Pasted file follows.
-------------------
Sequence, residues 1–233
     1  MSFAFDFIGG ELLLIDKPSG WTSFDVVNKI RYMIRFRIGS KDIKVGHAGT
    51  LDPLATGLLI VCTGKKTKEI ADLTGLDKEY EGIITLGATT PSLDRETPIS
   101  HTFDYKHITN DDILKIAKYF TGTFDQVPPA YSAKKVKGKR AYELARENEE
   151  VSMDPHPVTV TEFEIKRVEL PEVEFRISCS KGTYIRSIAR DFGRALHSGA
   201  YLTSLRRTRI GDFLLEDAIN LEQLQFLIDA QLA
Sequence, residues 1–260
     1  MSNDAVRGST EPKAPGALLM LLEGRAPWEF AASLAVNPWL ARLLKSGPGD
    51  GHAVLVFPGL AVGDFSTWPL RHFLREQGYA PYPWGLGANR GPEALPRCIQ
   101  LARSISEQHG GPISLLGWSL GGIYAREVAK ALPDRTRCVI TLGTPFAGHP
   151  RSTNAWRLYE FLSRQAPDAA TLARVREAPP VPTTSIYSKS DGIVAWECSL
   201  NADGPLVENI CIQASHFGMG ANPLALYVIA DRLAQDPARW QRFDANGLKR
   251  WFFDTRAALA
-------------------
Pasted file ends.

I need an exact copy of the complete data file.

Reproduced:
Sequence, residues 1–233
     1  MSFAFDFIGG ELLLIDKPSG WTSFDVVNKI RYMIRFRIGS KDIKVGHAGT
    51  LDPLATGLLI VCTGKKTKEI ADLTGLDKEY EGIITLGATT PSLDRETPIS
   101  HTFDYKHITN DDILKIAKYF TGTFDQVPPA YSAKKVKGKR AYELARENEE
   151  VSMDPHPVTV TEFEIKRVEL PEVEFRISCS KGTYIRSIAR DFGRALHSGA
   201  YLTSLRRTRI GDFLLEDAIN LEQLQFLIDA QLA
Sequence, residues 1–260
     1  MSNDAVRGST EPKAPGALLM LLEGRAPWEF AASLAVNPWL ARLLKSGPGD
    51  GHAVLVFPGL AVGDFSTWPL RHFLREQGYA PYPWGLGANR GPEALPRCIQ
   101  LARSISEQHG GPISLLGWSL GGIYAREVAK ALPDRTRCVI TLGTPFAGHP
   151  RSTNAWRLYE FLSRQAPDAA TLARVREAPP VPTTSIYSKS DGIVAWECSL
   201  NADGPLVENI CIQASHFGMG ANPLALYVIA DRLAQDPARW QRFDANGLKR
   251  WFFDTRAALA